After our post-class outings, we returned to campus for dinner in the cafeteria. When I first arrived in Aix-en-Provence, I became very ill drinking from the pitchers of water in the cafeteria that were left for us daily. I will never forget that day. I had attended all of my classes through the late afternoon when it hit me about halfway back to our dormitory. I had to run, not walk, and it seemed like the longest run of my life. I made it, but I vowed from that point forward to only drink wine with lunch and dinner.

My wine experiences in Aix were turning points towards my enjoyment of wine, not just to avoid water, but as a true beverage choice. Shortly thereafter, as we traveled by bus from Aix-en-Provence back to Paris, I would have my first real wine experience in Beaune.

Although I no longer teach French, my previous career, the language has proved to be very helpful in my wine career, especially when it comes to the translation and understanding of wine labels, wine-related vocabulary, research, and publications. I often revisit this journey and of course, hindsight is 20/20. I truly believe that this study abroad experience in France was where my passion for all things French converged with a blossoming passion for wine. As life would have it, it would take many years for wine to move to the forefront and French to go into remission. Regretfully, I rarely have the opportunity to speak French or travel to France. I haven’t traveled there since 2005. I would love to visit France from a wine professional’s perspective.

Now I find myself in transition again as I follow my latest passion, health and fitness. I’ve lost 64 pounds in seven months through a high-intensity interval training workout and meal plan.  I believe that there is an ebb and flow when it comes to life’s passions, and that they co-exist, but either take center stage or persist in the background. It remains to be seen how my love of wine will translate into my current mind and body transformation.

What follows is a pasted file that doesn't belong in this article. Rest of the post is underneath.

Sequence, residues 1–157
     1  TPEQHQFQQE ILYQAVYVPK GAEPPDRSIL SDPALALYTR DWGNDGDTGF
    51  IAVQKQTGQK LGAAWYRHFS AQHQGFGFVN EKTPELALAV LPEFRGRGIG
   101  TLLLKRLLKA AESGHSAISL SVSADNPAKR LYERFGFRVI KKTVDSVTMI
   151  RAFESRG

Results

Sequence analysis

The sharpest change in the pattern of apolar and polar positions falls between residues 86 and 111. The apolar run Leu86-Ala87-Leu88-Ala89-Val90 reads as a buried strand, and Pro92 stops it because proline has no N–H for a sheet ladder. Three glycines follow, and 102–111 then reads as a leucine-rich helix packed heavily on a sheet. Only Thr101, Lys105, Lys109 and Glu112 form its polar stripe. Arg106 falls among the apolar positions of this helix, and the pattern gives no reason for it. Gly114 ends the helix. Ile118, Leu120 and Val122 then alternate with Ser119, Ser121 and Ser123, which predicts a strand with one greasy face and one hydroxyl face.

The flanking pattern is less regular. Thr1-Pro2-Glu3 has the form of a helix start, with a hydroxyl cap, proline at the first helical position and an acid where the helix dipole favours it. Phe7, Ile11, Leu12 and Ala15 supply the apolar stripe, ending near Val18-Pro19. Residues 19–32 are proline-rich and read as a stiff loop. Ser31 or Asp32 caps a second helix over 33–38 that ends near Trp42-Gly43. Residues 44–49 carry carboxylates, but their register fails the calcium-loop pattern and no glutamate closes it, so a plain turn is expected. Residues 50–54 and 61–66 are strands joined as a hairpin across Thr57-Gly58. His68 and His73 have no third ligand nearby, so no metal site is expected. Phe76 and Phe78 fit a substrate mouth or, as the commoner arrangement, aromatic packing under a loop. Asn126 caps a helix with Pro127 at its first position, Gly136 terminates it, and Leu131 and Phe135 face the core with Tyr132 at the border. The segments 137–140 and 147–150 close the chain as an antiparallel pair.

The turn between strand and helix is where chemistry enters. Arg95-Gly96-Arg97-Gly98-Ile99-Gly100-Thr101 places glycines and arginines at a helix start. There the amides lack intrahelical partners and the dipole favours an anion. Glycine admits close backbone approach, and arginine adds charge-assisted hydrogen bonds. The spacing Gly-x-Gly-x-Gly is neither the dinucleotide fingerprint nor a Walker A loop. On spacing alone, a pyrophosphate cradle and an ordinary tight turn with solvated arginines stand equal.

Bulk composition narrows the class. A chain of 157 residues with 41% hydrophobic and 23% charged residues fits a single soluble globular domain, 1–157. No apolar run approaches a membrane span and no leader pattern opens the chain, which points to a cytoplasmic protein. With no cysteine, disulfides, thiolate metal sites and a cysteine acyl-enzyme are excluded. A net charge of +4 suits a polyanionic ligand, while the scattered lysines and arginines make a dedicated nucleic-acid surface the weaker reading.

You had me at aphrodisiac!

Aphrodisiac Food and Wine Pairing

Working in the wine business, I attend many events. After a while, many start to feel the same. However, at Dutton-Goldfield Winery in the Russian River Valley, which I reviewed previously, the event planners are clearly thinking outside of the box. One such event was their recent Aphrodisiac Food & Wine Pairing Class taught by Master of Gastronomy and author/fourth-generation publisher, Amy Reiley. I was excited, literally and figuratively, when Dutton-Goldfield allowed me to attend the class as a representative of the media.

You may not be as familiar as you should be with Reiley’s name, but I bet you’ve heard of some of her cookbooks such as Fork Me, Spoon Me: The Sensual Cookbook and Romancing the Stove, both of which attendees received as part of the class. She is also the founder of Life of Reiley, a boutique publishing company for culinary professionals, and the creator of EatSomethingSexy.

Amy Reiley teaching us about aphrodisiac foods

Attendees of the class were couples except me. Such is the life of a single girl. Regardless, I had a fantastic time and met a lovely couple with whom I shared a table. The wife was from my hometown of Asheville. Small world.

The class consisted of four food and wine pairings, with the recipes being from Reiley’s cookbooks and the wines from Dutton-Goldfield, of course. Chef and Innkeeper Larry Willis of the The Gables Wine Country Inn prepared the food.

As we proceeded through the pairings, Reiley explained to us what makes a food or drink an aphrodisiac. It is typically a food or drink that offers long-term health benefits, such as nutrients our bodies require and/or something that is good for cardiovascular health and blood flow. A few examples include honey (the nutricious nectar of Aphrodite), crabmeat (high protein, low fat), avocado (healthy fat, vitamin E), and oysters (zinc). Aphrodisiacs also often impart immediate physiological effects, as do wine, chile peppers, and ginger, for example. Now about those delectable pairings…

Honey Carrot Soup and 2015 Chileno Valley Vineyard Riesling

Pairing #1: Honey Carrot Soup and 2015 Chileno Valley Vineyard Riesling, Marin County
One of the reason’s I love Dutton-Goldfield is because of the beautiful Alsatian-style wines they produce. The riesling’s lively acidity and citrus and stone fruit flavors tamed the sweetness of the soup ever so gently, as well as cleansed my palate for every sumptuous spoonful.